Update from Centers for Disease Control and Prevention (CDC) on 22 April 2020

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The U.S. Centers for Disease Control and Prevention (CDC) and the United States Department of Agriculture’s (USDA) National Veterinary Services Laboratories (NVSL) today announced the first confirmed cases of SARS-CoV-2 (the virus that causes COVID-19) infection in two pet cats. These are the first pets in the United States to test positive for SARS-CoV-2.


The cats live in two separate areas of New York state. Both had mild respiratory illness and are expected to make a full recovery. SARS-CoV-2 infections have been reported in very few animals worldwide, mostly in those that had close contact with a person with COVID-19.


At this time, routine testing of animals is not recommended. Should other animals be confirmed positive for SARS-CoV-2 in the United States, USDA will post the findings. State animal health and public health officials will take the lead in making determinations about whether animals should be tested for SARS-CoV-2.


In the NY cases announced today, a veterinarian tested the first cat after it showed mild respiratory signs. No individuals in the household were confirmed to be ill with COVID-19. The virus may have been transmitted to this cat by mildly ill or asymptomatic household members or through contact with an infected person outside its home.


Samples from the second cat were taken after it showed signs of respiratory illness. The owner of the cat tested positive for COVID-19 prior to the cat showing signs. Another cat in the household has shown no signs of illness.


Both cats tested presumptive positive for SARS-CoV-2 at a private veterinary laboratory, which then reported the results to state and federal officials. The confirmatory testing was conducted at NVSL and included collection of additional samples. NVSL serves as an international reference laboratory and provides expertise and guidance on diagnostic techniques, as well as confirmatory testing for foreign and emerging animal diseases. Such testing is required for certain animal diseases in the U.S. in order to comply with national and international reporting procedures. The World Organisation for Animal Health (OIE) considers SARS-CoV-2 an emerging disease, and therefore USDA must report confirmed U.S. animal infections to the OIE.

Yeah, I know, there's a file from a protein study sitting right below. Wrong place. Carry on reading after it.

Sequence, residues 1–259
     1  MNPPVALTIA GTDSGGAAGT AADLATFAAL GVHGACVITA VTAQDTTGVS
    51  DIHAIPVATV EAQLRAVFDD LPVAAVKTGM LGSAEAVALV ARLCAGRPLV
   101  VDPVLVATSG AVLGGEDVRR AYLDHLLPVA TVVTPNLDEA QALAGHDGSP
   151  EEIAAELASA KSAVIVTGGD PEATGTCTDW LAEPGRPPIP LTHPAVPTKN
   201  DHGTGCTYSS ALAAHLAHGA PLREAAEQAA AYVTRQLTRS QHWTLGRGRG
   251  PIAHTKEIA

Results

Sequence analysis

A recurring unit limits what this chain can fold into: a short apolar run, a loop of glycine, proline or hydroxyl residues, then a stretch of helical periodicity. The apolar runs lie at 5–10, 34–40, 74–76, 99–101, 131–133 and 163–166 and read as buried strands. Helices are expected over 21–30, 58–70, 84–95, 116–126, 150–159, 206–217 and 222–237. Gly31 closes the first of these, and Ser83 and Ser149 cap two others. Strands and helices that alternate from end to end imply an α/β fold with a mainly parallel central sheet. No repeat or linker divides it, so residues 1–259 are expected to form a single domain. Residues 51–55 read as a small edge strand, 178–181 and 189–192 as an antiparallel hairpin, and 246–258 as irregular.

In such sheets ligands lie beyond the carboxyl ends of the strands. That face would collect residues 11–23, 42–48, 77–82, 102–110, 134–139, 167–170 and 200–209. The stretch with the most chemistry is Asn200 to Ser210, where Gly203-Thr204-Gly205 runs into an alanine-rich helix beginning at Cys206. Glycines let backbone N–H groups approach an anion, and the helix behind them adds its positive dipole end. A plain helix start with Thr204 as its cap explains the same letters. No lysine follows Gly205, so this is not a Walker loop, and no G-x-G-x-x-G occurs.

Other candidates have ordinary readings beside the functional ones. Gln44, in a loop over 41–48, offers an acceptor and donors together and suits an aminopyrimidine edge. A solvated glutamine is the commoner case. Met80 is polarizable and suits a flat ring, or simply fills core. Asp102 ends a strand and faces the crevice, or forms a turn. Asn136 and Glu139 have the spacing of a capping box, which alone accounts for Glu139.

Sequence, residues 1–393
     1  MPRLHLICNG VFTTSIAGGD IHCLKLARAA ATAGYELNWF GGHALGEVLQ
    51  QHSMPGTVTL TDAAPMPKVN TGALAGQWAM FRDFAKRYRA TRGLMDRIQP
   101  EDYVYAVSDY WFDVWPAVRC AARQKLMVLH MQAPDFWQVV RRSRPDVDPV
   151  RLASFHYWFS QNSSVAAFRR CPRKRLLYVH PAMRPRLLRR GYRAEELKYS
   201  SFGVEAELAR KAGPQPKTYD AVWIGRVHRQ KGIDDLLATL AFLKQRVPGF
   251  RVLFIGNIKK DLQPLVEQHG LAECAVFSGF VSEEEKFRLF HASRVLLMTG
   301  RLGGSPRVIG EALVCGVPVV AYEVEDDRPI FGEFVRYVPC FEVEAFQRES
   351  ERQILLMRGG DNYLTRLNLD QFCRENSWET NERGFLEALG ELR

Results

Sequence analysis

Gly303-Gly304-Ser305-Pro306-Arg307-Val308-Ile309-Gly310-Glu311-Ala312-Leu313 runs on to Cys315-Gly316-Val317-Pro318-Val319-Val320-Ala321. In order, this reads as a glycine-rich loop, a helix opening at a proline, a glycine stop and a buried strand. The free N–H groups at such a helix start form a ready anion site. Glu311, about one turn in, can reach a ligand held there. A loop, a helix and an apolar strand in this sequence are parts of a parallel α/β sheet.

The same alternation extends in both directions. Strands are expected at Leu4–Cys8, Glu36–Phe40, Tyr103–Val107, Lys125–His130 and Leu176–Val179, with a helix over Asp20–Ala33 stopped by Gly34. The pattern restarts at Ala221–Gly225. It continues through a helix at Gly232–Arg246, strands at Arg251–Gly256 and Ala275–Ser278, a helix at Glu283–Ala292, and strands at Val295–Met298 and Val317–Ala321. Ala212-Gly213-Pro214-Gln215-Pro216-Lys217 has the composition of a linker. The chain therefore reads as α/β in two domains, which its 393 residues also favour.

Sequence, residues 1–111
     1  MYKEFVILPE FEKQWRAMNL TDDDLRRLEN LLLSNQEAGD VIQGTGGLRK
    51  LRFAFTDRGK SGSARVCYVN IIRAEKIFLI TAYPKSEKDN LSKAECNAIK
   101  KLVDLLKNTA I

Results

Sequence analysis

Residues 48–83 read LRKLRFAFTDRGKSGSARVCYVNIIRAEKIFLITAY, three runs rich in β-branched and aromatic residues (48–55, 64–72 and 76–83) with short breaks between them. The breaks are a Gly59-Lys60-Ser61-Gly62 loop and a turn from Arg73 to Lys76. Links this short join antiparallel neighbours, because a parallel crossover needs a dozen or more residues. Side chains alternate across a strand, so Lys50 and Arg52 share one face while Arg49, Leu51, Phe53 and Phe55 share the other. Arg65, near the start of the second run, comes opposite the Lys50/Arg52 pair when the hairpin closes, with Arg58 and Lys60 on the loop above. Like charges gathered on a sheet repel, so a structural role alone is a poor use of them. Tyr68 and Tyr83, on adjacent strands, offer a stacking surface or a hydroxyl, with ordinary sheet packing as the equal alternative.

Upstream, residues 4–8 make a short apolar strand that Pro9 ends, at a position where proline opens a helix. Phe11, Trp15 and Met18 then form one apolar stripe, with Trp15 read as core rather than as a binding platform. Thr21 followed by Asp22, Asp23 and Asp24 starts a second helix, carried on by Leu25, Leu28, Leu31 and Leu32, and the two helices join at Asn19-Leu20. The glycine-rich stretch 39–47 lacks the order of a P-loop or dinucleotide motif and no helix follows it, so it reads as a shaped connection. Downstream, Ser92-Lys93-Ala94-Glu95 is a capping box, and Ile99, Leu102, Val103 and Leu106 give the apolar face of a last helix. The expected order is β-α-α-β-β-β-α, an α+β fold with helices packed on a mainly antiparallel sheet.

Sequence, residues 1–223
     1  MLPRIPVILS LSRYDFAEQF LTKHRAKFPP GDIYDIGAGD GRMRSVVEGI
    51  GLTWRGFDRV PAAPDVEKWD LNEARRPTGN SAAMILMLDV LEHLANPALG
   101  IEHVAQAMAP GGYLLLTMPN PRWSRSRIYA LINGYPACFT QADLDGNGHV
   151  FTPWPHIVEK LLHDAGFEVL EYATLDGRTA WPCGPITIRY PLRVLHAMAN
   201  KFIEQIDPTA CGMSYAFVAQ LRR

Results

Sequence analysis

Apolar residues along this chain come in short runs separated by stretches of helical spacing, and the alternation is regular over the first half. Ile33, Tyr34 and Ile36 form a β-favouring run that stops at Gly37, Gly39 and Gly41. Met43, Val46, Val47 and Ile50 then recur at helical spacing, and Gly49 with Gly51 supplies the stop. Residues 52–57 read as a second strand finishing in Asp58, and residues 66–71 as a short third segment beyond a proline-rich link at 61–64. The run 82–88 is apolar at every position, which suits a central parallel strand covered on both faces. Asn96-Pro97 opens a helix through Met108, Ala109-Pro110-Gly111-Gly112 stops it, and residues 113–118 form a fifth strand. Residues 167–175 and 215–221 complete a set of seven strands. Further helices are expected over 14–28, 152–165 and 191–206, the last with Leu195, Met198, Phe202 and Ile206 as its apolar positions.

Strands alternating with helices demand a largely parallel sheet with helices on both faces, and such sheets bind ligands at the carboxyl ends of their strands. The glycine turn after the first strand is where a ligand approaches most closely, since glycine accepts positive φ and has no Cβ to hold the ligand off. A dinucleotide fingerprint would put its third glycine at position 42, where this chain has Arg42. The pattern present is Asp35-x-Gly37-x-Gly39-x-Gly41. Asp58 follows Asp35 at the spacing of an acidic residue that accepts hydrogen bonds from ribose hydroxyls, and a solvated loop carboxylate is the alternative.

Public health officials are still learning about SARS-CoV-2, but there is no evidence that pets play a role in spreading the virus in the United States. Therefore, there is no justification in taking measures against companion animals that may compromise their welfare. Further studies are needed to understand if and how different animals, including pets, could be affected.


Until we know more, CDC recommends the following:

  • Do not let pets interact with people or other animals outside the household.
  • Keep cats indoors when possible to prevent them from interacting with other animals or people.
  • Walk dogs on a leash, maintaining at least 6 feet from other people and animals.
  • Avoid dog parks or public places where a large number of people and dogs gather.


If you are sick with COVID-19 (either suspected or confirmed by a test), restrict contact with your pets and other animals, just like you would around other people.

  • When possible, have another member of your household care for your pets while you are sick.
  • Avoid contact with your pet, including petting, snuggling, being kissed or licked, and sharing food or bedding.
  • If you must care for your pet or be around animals while you are sick, wear a cloth face covering and wash your hands before and after you interact with them.


While additional animals may test positive as infections continue in people, it is important to note that performing this animal testing does not reduce the availability of tests for humans.


For more information on animals and COVID-19, see: https://www.cdc.gov/coronavirus/2019-ncov/daily-life-coping/animals.html


For more information about testing in animals, see: https://www.aphis.usda.gov/animal_health/one_health/downloads/faq-public-on-companion-animal-testing.pdf